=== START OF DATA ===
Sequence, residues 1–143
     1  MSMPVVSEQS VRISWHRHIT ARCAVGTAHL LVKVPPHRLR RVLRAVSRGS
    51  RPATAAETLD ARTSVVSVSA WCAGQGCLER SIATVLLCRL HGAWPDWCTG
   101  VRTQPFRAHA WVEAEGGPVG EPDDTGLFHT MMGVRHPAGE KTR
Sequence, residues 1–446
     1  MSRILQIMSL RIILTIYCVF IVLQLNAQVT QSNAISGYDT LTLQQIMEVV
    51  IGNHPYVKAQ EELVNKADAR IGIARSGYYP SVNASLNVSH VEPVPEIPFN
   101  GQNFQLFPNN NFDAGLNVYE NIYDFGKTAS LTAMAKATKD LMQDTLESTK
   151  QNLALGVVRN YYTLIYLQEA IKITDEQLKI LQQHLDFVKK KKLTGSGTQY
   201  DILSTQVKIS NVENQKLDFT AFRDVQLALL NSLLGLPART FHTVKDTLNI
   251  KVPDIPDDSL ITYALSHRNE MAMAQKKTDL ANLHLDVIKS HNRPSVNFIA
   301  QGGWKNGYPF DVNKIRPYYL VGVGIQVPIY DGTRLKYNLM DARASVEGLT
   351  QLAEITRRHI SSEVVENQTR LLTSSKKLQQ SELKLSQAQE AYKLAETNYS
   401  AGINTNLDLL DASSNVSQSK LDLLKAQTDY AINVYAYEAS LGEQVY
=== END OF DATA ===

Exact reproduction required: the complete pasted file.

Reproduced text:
Sequence, residues 1–143
     1  MSMPVVSEQS VRISWHRHIT ARCAVGTAHL LVKVPPHRLR RVLRAVSRGS
    51  RPATAAETLD ARTSVVSVSA WCAGQGCLER SIATVLLCRL HGAWPDWCTG
   101  VRTQPFRAHA WVEAEGGPVG EPDDTGLFHT MMGVRHPAGE KTR
Sequence, residues 1–446
     1  MSRILQIMSL RIILTIYCVF IVLQLNAQVT QSNAISGYDT LTLQQIMEVV
    51  IGNHPYVKAQ EELVNKADAR IGIARSGYYP SVNASLNVSH VEPVPEIPFN
   101  GQNFQLFPNN NFDAGLNVYE NIYDFGKTAS LTAMAKATKD LMQDTLESTK
   151  QNLALGVVRN YYTLIYLQEA IKITDEQLKI LQQHLDFVKK KKLTGSGTQY
   201  DILSTQVKIS NVENQKLDFT AFRDVQLALL NSLLGLPART FHTVKDTLNI
   251  KVPDIPDDSL ITYALSHRNE MAMAQKKTDL ANLHLDVIKS HNRPSVNFIA
   301  QGGWKNGYPF DVNKIRPYYL VGVGIQVPIY DGTRLKYNLM DARASVEGLT
   351  QLAEITRRHI SSEVVENQTR LLTSSKKLQQ SELKLSQAQE AYKLAETNYS
   401  AGINTNLDLL DASSNVSQSK LDLLKAQTDY AINVYAYEAS LGEQVY